Radioprotective potential of probiotics against gastrointestinal and neuronal toxicity: a preclinical study

Babu Santhi Venkidesh, Saligrama R. Shankar, Rekha Koravadi Narasimhamurthy, Satish Bola Sadashiva Rao, Kamalesh Dattaram Mumbrekar

Research output: Contribution to journalArticlepeer-review

3 Citations (Scopus)


Purpose: Radiotherapy is a critical component of cancer treatment, along with surgery and chemotherapy. Approximately, 90% of cancer patients undergoing pelvic radiotherapy show gastrointestinal (GI) toxicity, including bloody diarrhea, and gastritis, most of which are associated with gut dysbiosis. In addition to the direct effect of radiation on the brain, pelvic irradiation can alter the gut microbiome, leading to inflammation and breakdown of the gut–blood barrier. This allows toxins and bacteria to enter the bloodstream and reach the brain. Probiotics have been proven to prevent GI toxicity by producing short-chain fatty acids and exopolysaccharides beneficial for protecting mucosal integrity and oxidative stress reduction in the intestine and also shown to be beneficial in brain health. Microbiota plays a significant role in maintaining gut and brain health, so it is important to study whether bacterial supplementation will help in maintaining the gut and brain structure after radiation exposure. Methods: In the present study, male C57BL/6 mice were divided into control, radiation, probiotics, and probiotics + radiation groups. On the 7th day, animals in the radiation and probiotics + radiation groups received a single dose of 4 Gy to whole-body. Posttreatment, mice were sacrificed, and the intestine and brain tissues were excised for histological analysis to assess GI and neuronal damage. Results: Radiation-induced damage to the villi height and mucosal thickness was mitigated by the probiotic treatment significantly (p < 0.01). Further, radiation-induced pyknotic cell numbers in the DG, CA2, and CA3 areas were substantially reduced with bacterial supplementation (p < 0.001). Similarly, probiotics reduced neuronal inflammation induced by radiation in the cortex, CA2, and DG region (p < 0.01). Altogether, the probiotics treatment helps mitigate radiation-induced intestinal and neuronal damage. Conclusion: In conclusion, the probiotic formulation could attenuate the number of pyknotic cells in the hippocampal brain region and decrease neuroinflammation by reducing the number of microglial cells.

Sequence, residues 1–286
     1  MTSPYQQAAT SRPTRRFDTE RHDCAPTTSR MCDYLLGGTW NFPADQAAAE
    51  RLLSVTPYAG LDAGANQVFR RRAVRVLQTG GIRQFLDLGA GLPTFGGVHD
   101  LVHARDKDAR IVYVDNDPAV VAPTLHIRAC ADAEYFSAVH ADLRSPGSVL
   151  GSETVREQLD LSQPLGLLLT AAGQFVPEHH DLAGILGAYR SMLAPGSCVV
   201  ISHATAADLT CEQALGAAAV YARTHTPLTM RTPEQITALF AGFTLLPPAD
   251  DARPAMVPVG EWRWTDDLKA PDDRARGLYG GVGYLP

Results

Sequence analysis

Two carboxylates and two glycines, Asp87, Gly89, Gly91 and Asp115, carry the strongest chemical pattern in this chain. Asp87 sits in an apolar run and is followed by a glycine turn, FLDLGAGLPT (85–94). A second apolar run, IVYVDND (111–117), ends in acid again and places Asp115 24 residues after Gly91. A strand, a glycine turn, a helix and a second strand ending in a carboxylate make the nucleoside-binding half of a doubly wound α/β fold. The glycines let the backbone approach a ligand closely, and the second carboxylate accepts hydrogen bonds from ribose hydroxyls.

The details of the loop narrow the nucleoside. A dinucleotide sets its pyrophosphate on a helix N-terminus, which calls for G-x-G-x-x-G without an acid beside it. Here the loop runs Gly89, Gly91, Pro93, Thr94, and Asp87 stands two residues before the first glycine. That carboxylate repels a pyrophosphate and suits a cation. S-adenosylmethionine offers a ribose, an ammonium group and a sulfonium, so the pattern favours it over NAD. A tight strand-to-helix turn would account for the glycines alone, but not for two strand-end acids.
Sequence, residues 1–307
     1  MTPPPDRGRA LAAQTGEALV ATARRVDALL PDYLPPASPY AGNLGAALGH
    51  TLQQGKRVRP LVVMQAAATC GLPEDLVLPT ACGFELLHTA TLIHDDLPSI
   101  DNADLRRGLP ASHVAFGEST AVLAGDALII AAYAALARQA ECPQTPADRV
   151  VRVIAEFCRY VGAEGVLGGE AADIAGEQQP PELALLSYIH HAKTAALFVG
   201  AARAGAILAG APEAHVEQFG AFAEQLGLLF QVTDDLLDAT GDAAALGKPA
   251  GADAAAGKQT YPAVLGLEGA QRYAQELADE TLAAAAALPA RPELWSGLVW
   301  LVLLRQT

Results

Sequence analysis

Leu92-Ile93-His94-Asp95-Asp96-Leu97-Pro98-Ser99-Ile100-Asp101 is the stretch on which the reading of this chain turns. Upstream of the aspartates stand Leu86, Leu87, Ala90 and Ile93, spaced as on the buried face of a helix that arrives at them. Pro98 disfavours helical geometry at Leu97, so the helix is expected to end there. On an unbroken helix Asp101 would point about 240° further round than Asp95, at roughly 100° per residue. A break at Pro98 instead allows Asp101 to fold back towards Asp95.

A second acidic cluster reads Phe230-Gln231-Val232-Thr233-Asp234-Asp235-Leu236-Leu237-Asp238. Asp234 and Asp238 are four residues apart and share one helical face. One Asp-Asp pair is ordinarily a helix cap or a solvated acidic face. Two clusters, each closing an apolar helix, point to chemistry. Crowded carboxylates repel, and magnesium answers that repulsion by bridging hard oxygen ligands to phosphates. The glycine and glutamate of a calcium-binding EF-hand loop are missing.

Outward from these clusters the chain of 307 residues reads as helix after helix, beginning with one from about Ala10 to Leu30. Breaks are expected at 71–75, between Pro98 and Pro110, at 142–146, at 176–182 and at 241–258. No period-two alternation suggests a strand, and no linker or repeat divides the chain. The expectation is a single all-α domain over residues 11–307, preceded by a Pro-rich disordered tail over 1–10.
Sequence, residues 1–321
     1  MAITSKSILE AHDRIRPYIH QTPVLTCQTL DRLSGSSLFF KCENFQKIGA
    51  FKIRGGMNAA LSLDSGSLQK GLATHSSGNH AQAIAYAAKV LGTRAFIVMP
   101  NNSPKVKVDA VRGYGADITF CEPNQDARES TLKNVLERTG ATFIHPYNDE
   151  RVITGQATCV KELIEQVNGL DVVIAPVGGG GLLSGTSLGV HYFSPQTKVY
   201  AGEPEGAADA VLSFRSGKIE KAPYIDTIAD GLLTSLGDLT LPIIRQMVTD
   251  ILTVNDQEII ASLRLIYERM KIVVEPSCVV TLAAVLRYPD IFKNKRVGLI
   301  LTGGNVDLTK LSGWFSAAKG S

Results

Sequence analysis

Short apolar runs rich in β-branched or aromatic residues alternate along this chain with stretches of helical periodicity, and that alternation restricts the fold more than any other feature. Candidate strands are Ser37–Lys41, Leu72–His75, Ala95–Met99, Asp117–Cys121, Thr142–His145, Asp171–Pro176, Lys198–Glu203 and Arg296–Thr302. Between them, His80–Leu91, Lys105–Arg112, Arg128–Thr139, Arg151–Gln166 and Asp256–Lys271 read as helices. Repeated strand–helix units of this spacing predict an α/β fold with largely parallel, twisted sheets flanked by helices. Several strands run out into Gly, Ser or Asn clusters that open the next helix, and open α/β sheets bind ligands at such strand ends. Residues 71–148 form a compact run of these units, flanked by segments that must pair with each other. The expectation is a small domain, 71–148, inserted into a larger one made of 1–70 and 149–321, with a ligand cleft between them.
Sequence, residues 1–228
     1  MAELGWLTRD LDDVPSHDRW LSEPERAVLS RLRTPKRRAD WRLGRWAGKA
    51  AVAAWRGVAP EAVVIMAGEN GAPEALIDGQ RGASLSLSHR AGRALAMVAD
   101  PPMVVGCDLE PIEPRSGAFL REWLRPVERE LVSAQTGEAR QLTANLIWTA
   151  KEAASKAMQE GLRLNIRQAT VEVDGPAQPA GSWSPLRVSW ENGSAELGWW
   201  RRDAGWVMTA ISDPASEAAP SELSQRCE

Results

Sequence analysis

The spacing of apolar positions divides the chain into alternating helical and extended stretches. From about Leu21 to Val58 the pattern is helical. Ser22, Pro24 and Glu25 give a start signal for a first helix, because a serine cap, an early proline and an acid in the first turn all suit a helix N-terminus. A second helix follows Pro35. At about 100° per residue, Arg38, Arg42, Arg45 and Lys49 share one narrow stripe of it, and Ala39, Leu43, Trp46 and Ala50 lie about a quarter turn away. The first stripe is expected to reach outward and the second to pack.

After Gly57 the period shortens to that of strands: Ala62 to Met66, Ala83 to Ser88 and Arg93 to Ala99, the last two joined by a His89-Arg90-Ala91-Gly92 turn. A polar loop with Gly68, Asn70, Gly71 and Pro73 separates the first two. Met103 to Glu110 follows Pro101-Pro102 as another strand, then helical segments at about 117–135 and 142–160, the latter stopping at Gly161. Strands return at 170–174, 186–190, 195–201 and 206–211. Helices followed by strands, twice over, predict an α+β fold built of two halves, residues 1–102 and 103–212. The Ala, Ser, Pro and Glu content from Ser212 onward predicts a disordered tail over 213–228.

Original languageEnglish
Pages (from-to)3165-3173
Number of pages9
JournalClinical and Translational Oncology
Issue number11
Publication statusPublished - 11-2023

All Science Journal Classification (ASJC) codes

  • Oncology
  • Cancer Research


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